Practice public speaking

You see, simply going through the motions isn’t enough. In order for practice to be effective, it has to be performed properly and repetitively. This means slowing down to ensure you do everything right. It’s important to point out that if you’re not a public speaking pro, your practice won’t be perfect. The key is to keep practicing until it is. 
That doesn’t mean mumbling the words quietly to yourself as you quickly scroll through your slide deck. It means giving your presentation just as you would standing on stage or in front of a prospect, at full volume and with all the pauses, gestures and facial expressions you will use in your actual presentation.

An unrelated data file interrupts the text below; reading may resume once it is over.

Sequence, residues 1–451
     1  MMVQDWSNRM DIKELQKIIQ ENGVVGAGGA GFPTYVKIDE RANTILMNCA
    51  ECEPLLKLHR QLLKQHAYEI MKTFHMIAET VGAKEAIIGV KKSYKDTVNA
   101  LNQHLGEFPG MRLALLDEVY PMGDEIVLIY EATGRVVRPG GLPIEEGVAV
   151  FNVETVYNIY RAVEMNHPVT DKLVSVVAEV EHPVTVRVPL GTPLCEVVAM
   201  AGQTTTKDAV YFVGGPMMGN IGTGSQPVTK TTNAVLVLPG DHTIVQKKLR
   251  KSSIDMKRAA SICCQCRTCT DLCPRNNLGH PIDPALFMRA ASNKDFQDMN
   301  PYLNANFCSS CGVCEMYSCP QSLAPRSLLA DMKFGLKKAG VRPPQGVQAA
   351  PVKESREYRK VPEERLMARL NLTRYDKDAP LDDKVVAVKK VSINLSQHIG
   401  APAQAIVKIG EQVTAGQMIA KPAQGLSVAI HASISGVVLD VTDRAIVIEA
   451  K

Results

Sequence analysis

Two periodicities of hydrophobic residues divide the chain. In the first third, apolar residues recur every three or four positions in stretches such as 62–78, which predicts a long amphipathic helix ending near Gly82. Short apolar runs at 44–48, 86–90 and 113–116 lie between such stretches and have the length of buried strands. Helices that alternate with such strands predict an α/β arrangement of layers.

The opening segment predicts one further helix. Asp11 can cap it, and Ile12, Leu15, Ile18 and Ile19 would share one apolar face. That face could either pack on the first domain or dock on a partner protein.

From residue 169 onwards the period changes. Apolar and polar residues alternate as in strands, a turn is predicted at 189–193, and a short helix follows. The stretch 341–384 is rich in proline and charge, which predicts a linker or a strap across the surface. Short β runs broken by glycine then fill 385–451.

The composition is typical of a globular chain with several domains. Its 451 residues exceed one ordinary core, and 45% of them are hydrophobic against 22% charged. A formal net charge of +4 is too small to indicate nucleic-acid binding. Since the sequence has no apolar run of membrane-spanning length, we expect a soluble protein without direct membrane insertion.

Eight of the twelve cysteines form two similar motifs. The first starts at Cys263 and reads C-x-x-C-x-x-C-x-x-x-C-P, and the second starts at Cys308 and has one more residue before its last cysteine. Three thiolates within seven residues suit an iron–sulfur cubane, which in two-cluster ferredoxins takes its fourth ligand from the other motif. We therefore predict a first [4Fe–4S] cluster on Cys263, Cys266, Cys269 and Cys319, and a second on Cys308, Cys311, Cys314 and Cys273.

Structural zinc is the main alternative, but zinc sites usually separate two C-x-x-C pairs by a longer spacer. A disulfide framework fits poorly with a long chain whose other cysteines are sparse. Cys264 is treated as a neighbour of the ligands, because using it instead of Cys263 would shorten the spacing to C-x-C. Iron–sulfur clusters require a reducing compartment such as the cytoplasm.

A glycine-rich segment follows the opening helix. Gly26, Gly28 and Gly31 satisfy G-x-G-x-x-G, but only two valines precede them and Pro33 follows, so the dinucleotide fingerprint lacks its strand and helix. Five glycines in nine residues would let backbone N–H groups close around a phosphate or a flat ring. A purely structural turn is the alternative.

This is important because when most people give a presentation, they start speaking significantly faster than usual. If you don’t practice, you may find yourself completing a twenty-minute presentation in ten minutes, making you appear nervous and creating an awkward ten-minute gap.
Practice also extends to regular public speaking. Just giving an occasional presentation and practicing beforehand isn’t enough. If you truly want to master the art of public speaking, you also need to regularly give presentations.
In preparation for a particular presentation and infrequent public speaking opportunities, practice will help make you more comfortable and confident, so your public speaking skills will improve dramatically. Because you’re better at it, you’ll enjoy it more, which in turn, will make you even better. It’s a powerful compounding effect.

Be your authentic self